By Tim Woda on December 5, 2014 at 10:31 AM

Parents, teens and tweens across the world can learn a lesson from Michaela Snyder's story. Michaela, 15, is the daughter of a police sergeant and she is making her story known in an effort to make a positive impact on teens who are tempted by peer pressure.

When Michaela was 12 years old, she grew interested in a boy in her same grade. This crush turned out to be a tragedy that all parents and youngsters should know about. Michaela admits that she was so infatuated with her new boyfriend that she would do just about anything to maintain the relationship.

Oftentimes, tweens and teens lack self confidence and will do unhealthy things for the affection of others. Michaela's boyfriend asked her to send semi-nude pictures from her cell phone. At first, Michaela refused but then felt pressured into sending the pictures as the boy gave her an ultimatum. She had to either send him the salacious shots or he would leave her.

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Common Mobile and Internet Child Safety Dangers to Avoid

By Steven Woda on November 12, 2014 at 6:09 PM

The moment that a child logs on to the Internet is the moment that they are exposed to a number of risks. While the Internet is designed to help us all accomplish tasks, learn new information, and even do business, there are potential threats that lurk as well, particularly for children. Mobile and Internet child safety is an important topic to learn about. 

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3 Crucial Internet Safety Tips to Teach Your Kids

By Steven Woda on November 12, 2014 at 5:01 PM

Now that we live in the digital age, chances are that your children will use the Internet throughout their lives both for work and play. Here are a few things you should teach them early to ensure good Internet security.

1. Keep Personal Details Secret Online

It’s important for children to learn the need for secrecy when browsing the web. Younger children especially tend to be automatically trusting of anyone they meet, especially in cyberspace. They need to understand to never give out their real name, their phone number, their address, or any other personal information on the Internet.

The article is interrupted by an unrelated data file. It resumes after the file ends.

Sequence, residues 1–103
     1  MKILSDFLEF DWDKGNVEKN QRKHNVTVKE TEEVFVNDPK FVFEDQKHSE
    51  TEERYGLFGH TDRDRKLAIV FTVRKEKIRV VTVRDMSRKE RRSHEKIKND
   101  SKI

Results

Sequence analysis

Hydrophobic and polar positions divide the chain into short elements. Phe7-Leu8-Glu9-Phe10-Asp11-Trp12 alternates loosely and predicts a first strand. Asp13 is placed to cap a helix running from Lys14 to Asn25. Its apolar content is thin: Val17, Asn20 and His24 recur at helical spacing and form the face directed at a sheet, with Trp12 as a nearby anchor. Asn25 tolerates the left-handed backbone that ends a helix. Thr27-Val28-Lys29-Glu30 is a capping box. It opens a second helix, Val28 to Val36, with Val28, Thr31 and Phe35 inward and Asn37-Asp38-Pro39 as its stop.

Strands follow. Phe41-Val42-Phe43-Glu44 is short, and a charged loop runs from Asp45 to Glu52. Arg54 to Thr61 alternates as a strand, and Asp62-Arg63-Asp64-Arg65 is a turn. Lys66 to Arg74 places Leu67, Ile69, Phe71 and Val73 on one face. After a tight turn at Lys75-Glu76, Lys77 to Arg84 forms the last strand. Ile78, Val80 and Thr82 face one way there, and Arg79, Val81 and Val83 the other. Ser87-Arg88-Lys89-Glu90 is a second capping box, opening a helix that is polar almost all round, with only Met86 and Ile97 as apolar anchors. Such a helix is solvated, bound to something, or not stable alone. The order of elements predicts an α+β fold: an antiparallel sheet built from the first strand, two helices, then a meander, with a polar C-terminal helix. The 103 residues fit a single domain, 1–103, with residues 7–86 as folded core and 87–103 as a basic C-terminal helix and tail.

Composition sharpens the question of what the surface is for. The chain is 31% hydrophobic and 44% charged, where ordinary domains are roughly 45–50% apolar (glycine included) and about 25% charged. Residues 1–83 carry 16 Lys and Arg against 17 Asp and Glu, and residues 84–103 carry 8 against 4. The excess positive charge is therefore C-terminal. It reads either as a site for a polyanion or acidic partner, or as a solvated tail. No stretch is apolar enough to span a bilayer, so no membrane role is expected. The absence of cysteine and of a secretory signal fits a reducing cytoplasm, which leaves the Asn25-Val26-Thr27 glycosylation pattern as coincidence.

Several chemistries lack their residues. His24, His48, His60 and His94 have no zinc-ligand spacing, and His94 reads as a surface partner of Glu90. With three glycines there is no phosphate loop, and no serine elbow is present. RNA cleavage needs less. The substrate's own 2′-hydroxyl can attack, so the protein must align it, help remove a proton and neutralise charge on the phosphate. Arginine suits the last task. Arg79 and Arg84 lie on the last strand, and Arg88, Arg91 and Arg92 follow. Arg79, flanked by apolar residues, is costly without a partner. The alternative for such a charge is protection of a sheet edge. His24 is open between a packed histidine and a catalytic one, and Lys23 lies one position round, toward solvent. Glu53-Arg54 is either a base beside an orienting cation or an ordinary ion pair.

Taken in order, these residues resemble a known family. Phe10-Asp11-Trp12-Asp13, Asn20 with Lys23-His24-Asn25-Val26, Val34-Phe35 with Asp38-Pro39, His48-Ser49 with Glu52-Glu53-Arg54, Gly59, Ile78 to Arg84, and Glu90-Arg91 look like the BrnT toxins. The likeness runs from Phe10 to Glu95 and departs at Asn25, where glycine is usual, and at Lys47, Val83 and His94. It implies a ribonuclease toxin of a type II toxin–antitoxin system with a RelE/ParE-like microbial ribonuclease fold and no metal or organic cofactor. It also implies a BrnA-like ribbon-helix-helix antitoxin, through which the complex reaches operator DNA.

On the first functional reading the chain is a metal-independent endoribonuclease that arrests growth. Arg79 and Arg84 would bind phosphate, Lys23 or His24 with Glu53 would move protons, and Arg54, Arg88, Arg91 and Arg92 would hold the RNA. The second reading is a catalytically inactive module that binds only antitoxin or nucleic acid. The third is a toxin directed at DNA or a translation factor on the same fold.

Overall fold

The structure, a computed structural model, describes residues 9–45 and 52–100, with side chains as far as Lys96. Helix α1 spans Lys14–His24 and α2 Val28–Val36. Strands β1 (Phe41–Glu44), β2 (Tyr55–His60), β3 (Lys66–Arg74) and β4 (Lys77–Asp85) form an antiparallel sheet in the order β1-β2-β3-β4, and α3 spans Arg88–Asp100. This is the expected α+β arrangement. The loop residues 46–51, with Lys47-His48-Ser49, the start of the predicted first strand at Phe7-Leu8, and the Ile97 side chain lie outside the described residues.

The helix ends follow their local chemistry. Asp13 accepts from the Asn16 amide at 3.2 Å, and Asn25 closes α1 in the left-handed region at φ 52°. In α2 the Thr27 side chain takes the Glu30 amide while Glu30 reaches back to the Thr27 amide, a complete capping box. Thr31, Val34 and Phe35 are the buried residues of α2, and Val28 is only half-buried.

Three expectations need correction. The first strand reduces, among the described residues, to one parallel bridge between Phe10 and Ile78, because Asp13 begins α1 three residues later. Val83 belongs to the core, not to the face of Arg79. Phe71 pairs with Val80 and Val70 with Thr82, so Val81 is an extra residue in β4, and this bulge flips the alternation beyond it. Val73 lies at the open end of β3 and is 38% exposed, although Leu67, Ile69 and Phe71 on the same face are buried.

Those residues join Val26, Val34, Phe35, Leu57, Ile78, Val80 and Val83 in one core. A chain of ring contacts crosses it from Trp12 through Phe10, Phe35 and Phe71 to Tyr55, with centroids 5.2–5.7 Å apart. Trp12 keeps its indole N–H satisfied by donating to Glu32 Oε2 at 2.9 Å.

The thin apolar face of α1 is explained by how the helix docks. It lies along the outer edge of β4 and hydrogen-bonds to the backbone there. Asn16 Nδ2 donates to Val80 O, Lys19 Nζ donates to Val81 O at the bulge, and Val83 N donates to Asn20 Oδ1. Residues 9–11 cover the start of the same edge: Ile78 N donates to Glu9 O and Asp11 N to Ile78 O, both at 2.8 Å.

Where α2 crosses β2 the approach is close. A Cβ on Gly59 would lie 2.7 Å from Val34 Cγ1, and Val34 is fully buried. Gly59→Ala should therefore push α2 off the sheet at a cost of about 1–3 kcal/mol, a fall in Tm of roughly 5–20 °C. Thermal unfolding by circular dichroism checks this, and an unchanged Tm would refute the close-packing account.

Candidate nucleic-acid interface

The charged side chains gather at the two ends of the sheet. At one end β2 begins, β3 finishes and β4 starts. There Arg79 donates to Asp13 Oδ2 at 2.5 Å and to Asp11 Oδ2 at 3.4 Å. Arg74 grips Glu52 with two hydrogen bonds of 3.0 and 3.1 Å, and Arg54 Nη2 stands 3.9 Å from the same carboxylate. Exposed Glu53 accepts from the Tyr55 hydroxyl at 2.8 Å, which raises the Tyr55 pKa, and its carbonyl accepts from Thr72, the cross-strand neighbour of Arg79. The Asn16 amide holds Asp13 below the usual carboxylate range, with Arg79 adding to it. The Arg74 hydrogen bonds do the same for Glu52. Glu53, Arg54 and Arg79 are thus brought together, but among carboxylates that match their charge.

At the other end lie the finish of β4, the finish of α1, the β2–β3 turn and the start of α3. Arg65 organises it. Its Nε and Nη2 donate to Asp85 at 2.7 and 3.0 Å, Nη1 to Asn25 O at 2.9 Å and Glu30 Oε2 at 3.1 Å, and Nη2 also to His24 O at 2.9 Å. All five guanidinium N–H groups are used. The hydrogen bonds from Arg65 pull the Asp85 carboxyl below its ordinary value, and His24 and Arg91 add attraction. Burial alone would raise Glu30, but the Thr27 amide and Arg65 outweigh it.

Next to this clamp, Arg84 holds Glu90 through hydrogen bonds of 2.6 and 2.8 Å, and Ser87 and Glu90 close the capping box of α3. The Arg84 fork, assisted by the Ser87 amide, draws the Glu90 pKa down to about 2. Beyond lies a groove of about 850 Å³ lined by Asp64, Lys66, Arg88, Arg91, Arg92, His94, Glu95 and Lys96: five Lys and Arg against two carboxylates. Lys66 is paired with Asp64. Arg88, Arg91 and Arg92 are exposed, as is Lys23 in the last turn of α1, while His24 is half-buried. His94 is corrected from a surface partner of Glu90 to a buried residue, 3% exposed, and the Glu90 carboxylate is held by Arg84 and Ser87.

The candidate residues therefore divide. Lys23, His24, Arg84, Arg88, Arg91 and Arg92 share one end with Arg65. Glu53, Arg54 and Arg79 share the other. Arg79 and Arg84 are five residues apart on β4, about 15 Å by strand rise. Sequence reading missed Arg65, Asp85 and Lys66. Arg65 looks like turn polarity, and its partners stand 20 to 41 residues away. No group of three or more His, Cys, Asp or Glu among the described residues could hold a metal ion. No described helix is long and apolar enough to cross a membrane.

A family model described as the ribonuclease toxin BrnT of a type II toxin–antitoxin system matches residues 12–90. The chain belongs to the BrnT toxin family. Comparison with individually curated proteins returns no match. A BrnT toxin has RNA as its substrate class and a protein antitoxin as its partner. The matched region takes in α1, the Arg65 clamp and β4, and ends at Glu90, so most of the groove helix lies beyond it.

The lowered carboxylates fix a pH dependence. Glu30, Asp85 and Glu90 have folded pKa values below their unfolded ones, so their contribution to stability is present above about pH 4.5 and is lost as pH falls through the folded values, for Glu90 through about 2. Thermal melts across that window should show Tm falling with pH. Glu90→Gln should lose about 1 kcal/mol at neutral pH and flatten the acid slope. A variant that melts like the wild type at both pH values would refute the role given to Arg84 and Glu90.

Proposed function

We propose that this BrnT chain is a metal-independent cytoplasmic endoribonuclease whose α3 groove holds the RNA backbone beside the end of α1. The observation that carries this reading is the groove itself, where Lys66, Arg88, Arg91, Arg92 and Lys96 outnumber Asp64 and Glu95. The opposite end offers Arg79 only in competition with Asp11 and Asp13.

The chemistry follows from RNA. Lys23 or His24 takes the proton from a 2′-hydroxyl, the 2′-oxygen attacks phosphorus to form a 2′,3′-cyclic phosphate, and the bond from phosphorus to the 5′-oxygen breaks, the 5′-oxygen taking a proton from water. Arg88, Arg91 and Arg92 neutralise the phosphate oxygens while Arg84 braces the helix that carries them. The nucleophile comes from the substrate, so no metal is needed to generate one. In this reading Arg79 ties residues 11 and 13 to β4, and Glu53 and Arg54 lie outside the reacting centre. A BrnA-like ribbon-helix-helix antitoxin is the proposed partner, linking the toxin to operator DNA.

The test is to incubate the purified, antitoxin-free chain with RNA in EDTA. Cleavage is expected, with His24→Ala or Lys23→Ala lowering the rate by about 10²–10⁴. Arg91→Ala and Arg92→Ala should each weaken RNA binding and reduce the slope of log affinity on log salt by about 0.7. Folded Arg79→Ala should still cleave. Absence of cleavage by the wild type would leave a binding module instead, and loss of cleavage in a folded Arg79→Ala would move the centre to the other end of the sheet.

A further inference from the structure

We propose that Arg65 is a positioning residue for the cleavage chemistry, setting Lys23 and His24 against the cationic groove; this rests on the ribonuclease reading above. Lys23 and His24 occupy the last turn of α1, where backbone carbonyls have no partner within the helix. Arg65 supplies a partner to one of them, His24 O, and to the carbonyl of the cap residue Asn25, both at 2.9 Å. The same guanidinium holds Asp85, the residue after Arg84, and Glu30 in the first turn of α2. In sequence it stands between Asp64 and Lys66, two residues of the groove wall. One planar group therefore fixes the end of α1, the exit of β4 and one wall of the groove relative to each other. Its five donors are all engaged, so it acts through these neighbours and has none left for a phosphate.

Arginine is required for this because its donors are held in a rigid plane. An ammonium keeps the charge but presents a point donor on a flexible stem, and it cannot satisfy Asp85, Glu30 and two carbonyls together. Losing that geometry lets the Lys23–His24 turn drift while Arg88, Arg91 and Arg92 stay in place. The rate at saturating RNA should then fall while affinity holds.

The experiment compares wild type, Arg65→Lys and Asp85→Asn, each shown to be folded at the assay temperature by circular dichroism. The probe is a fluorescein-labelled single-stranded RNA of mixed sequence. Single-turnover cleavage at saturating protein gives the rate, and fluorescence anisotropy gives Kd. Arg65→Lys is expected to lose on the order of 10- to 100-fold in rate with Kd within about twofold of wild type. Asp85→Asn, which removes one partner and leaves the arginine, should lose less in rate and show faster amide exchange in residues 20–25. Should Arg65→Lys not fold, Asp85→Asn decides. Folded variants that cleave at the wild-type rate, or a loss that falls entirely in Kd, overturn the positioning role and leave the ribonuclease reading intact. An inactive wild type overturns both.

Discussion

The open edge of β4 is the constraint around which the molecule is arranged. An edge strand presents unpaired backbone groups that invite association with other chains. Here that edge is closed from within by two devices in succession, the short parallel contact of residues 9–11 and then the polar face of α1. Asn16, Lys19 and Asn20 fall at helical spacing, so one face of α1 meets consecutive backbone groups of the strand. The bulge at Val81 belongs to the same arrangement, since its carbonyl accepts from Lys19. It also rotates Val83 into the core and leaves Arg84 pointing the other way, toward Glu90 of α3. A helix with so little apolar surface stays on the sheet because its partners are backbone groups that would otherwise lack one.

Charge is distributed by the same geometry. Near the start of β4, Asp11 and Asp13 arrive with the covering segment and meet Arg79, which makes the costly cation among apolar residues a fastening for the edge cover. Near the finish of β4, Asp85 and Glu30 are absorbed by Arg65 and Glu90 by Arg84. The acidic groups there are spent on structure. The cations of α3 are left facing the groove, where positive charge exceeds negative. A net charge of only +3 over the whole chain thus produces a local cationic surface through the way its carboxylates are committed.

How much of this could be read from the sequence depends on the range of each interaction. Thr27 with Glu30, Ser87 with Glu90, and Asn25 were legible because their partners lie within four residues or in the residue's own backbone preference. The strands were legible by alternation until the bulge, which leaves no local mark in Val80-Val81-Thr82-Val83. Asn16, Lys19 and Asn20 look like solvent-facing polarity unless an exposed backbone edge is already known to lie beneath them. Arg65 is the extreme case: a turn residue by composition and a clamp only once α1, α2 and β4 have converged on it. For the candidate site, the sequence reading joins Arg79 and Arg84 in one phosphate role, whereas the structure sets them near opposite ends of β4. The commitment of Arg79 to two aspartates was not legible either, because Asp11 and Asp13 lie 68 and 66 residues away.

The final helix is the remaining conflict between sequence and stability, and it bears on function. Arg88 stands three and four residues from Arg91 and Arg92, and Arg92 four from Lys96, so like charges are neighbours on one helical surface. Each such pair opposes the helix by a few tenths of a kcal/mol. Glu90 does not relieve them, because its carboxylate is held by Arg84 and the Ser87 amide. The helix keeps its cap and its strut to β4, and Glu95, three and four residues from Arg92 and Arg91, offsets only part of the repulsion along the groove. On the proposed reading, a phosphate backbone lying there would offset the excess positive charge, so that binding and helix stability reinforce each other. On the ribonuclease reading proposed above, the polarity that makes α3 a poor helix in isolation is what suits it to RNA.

2. Never Meet Up With Strangers

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Recent Study Finds Sexting is the New "Norm" Among Teens

By Steven Woda on November 12, 2014 at 3:40 PM

Sexting is the transmission of sexually explicit images through smartphones or other Internet connected or cellular devices like tablets and laptops. Until recently, it was considered a behavior that was limited to "at-risk" teens and a sign of potentially problematic behavior. New research, however, suggests that it may actually be a part of normal sexual development in teens.

Like virtually any controversial subject, however, there are two sides to this argument. Here is the first one:

In the journal Pediatrics, research found that thus far there is a total failure for anyone to prove a link between sexting and any sort of risky sexual behavior. There is also no link yet between sexting and diminished mental health. This was all part of a study that polled over one thousand high school students, and was conducted by researchers at the University of Texas.

Now that you have the "sexting is normal" side of the argument. Here is the counter-debate:

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Cyberbullying and Tweens: What to Do When Your Child Is the Bully

By Tim Woda on October 28, 2014 at 2:17 PM

No parent wants to imagine their child as a bully but the sad fact is that it happens sometimes. When you first find out it’s your tween doing the bullying, it can be a bit devastating. Upon learning something like this, parents must take a few minutes to gather their thoughts and create a plan of action to help the offender see the error of their ways. 

It’s important to realize that being a bully doesn’t make your child a bad person or you a bad parent. However, cyberbullying is serious and something that you must deal with immediately. Don’t ignore the problem and hope it will go away on its own because things normally get worse without intervention.